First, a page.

LG G5 review: LG's appetite for risk is admirable, but doesn't pay off

With an improved battery swapping system, the LG G5 isn't a bad phone, per se. But various other features probably looked better in the R&D lab than they do in real life.

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With Friends like these, who needs accessories?

To put a kicker on the entire confusing G5 story, the two Friends accessories left us wondering why LG created them at all.

Let’s start with the Cam Plus, a somewhat chunky module that boasts physical controls for toggling on the phone’s camera interface, snapping the shutter, starting and stopping videos, and adjusting zoom. The Cam Plus includes a 1200 mAh auxiliary battery (giving you a total of 4000 mAh with the module in use), and has a grippy texture that’s intended to make the G5 a more comfortable, secure shooting device. You install the Cam Plus with the same procedure required for battery swaps.

lg g5 inserting battery Dan Masaoka

Using the Friends modules also requires battery swaps. Note that the Cam Plus shown here includes a 1200 mAh auxilliary battery.

It all sounds intriguing, but I found the Cam Plus’ed G5 to be too bulky in my pocket, and I always feared losing the phone’s original chin. But even worse, the physical camera controls just don’t provide enough benefit to justify the accessory’s $70 price. I appreciated the ability to quickly toggle back and forth between LG’s camera software and home screen, but that was about it.

The jog dial for the Cam Plus zoom feature lacks resistance, and is difficult to use for smooth, gradual zooms. It’s just inexplicable that such a feature-limited accessory would foul up this one function so badly. Beyond that, all I can say is that a much more useful Cam Plus would provide physical adjustment for all of LG’s wonderful manual camera controls.

lg g5 cam plus controls Dan Masaoka

The Cam Plus Friends module is a clever but poorly executed idea. The jog wheel for controlling zoom just isn’t easy to use.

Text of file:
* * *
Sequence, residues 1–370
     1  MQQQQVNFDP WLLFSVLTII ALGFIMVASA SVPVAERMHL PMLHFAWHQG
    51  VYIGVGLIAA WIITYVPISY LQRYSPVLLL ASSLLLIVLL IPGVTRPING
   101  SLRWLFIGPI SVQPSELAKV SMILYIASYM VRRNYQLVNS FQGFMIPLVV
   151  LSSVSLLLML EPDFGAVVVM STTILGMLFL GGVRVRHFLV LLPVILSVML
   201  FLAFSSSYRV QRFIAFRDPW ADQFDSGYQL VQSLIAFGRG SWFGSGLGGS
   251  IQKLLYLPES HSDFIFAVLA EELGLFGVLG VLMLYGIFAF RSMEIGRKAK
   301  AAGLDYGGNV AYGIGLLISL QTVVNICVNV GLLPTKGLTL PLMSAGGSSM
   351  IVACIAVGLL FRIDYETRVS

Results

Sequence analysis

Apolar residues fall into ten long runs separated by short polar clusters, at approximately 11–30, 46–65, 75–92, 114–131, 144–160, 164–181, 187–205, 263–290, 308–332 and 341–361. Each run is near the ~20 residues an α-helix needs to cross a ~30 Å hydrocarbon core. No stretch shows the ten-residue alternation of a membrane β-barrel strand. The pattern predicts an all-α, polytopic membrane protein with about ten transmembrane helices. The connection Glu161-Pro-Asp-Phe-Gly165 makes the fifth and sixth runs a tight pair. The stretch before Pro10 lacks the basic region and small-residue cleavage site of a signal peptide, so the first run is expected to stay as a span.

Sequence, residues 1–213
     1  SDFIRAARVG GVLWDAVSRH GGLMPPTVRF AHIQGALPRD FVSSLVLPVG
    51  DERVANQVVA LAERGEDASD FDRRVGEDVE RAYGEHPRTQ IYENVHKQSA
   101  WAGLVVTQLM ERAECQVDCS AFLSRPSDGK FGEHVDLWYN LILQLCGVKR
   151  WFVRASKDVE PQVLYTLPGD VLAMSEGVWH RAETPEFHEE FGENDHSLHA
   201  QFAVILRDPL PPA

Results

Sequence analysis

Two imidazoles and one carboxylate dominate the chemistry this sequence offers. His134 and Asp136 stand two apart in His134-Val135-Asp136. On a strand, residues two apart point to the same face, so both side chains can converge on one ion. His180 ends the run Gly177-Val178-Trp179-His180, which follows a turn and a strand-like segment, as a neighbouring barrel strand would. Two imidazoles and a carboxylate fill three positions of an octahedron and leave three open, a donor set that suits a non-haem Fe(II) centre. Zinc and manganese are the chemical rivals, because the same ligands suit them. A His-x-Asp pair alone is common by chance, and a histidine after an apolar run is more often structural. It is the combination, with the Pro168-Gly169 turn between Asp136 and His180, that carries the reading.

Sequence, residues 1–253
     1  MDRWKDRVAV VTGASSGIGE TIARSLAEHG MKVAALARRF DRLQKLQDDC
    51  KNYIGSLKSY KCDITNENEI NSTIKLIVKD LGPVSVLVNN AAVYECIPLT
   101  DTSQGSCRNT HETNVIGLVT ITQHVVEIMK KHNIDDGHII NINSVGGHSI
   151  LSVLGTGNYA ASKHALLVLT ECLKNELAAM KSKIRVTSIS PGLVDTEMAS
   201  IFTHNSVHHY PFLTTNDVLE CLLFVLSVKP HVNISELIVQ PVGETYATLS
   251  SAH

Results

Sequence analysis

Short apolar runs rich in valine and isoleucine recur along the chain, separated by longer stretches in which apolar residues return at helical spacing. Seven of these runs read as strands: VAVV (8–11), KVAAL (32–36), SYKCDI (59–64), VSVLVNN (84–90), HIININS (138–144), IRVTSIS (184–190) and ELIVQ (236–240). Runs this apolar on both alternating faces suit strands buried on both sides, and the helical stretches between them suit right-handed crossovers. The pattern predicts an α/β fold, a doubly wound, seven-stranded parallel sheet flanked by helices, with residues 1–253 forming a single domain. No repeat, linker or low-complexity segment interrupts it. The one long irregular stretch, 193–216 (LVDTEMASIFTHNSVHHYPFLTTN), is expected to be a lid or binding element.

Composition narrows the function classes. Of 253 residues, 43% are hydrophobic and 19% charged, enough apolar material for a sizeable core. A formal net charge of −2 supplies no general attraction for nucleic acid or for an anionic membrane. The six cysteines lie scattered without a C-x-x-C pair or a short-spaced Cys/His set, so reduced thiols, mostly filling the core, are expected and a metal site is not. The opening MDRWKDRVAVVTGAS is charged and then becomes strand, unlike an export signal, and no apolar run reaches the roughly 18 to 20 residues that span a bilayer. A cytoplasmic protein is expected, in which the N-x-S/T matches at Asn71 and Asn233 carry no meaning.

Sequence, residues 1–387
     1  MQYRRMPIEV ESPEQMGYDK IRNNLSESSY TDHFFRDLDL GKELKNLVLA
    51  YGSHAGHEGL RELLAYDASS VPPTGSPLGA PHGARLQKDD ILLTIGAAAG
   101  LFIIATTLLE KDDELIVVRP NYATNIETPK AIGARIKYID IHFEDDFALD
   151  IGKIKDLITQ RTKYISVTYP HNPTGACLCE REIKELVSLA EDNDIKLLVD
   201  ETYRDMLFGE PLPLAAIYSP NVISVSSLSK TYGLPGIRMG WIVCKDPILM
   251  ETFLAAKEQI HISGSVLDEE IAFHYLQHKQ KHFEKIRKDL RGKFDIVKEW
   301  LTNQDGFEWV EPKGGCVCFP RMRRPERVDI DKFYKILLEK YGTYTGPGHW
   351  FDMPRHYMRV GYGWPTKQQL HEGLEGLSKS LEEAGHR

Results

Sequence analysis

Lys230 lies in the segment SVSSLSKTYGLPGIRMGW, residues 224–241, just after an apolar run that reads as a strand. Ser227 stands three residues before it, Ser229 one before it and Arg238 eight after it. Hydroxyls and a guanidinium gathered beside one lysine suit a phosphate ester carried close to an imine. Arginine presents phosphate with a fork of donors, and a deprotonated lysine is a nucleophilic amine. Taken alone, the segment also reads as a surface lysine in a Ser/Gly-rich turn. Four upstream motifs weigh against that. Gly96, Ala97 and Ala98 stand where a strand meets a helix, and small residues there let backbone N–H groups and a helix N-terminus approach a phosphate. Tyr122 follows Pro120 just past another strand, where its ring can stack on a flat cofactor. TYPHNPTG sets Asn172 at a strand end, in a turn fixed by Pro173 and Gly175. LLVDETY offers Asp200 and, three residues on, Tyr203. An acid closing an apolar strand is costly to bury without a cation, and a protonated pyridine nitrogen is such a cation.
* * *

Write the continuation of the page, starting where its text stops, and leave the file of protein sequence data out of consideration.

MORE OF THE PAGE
Next up, we have the Hi-Fi Plus with B&O Play, a digital-to-audio converter (DAC) that’s supposed to improve the G5’s sound quality. It’s not currently cleared by the FCC for sale in America, and probably never will be. But that’s okay, because when I tested the Hi-Fi Plus with the pre-production Korean version of the G5, I couldn’t hear any improvement in sound quality whatsoever.

Would the DAC suddenly make a difference if the G5 was feeding its signal to an external DJ set-up? Perhaps. But who’s going to do this? For that matter, who will tolerate cold-swapping LG’s chins just to listen to slightly better sound fidelity? Fact is, the G5’s standard audio is quite good and loud, so who needs more?

lg g5 three chins Dan Masaoka

The three chins. From left to right: Cam Plus, Hi-Fi Plus, and the standard chinny-chin-chin.

It’s also worth noting Hi-Fi Plus introduces an even wider “chin gap,” and only works with wired earbuds, which I no longer use in this age of Bluetooth headsets. Finally, the module slightly lengthens the G5’s total package, and, like the Cam Plus, forces you to find a home for the chin that came with the phone.

lg g6 chin gap Jon Phillips

Here’s the chin gap with the Hi-Fi Plus installed. You can see daylight through the other side.

Paying the price for bold ideas

I was more enthused by the G5 when I wrote my 24-hour impressions of the pre-production unit. But now that I’ve spent quality time with the phone, and have had a chance to play with the Friends, I’m left disappointed.

We have to applaud LG for taking so many risks—overhauling battery extraction, ditching the app drawer, adding a second camera, and beating other manufacturers to the modular accessory punch. But each of these innovations is flawed to one degree or another, casting a dark shadow on a phone that otherwise does have a lot of offer. 

If a friend said she was thinking of buying the G5 for its state-of-the-art processor, breathtaking screen, killer manual camera controls, and removable battery, I wouldn’t try to dissuade her. But this is still a phone that earns 3.5 stars. It’s just got too many problems to earn a higher score. 

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At a Glance
  • The G5 isn't a "bad" phone in the big scheme of all available Android phones. But despite a great display, awesome camera controls, and an improved battery swapping system, it's still notably flawed.


    • Improved battery swap system.
    • Beautiful, high-res display.
    • State-of-the-art processor.
    • LG's awesome manual camera controls.


    • Flawed industrial design.
    • Extremely dim always-on display.
    • Wide-angle camera is more gimmicky than useful.
    • Modular "Friends" accessories aren't very good.
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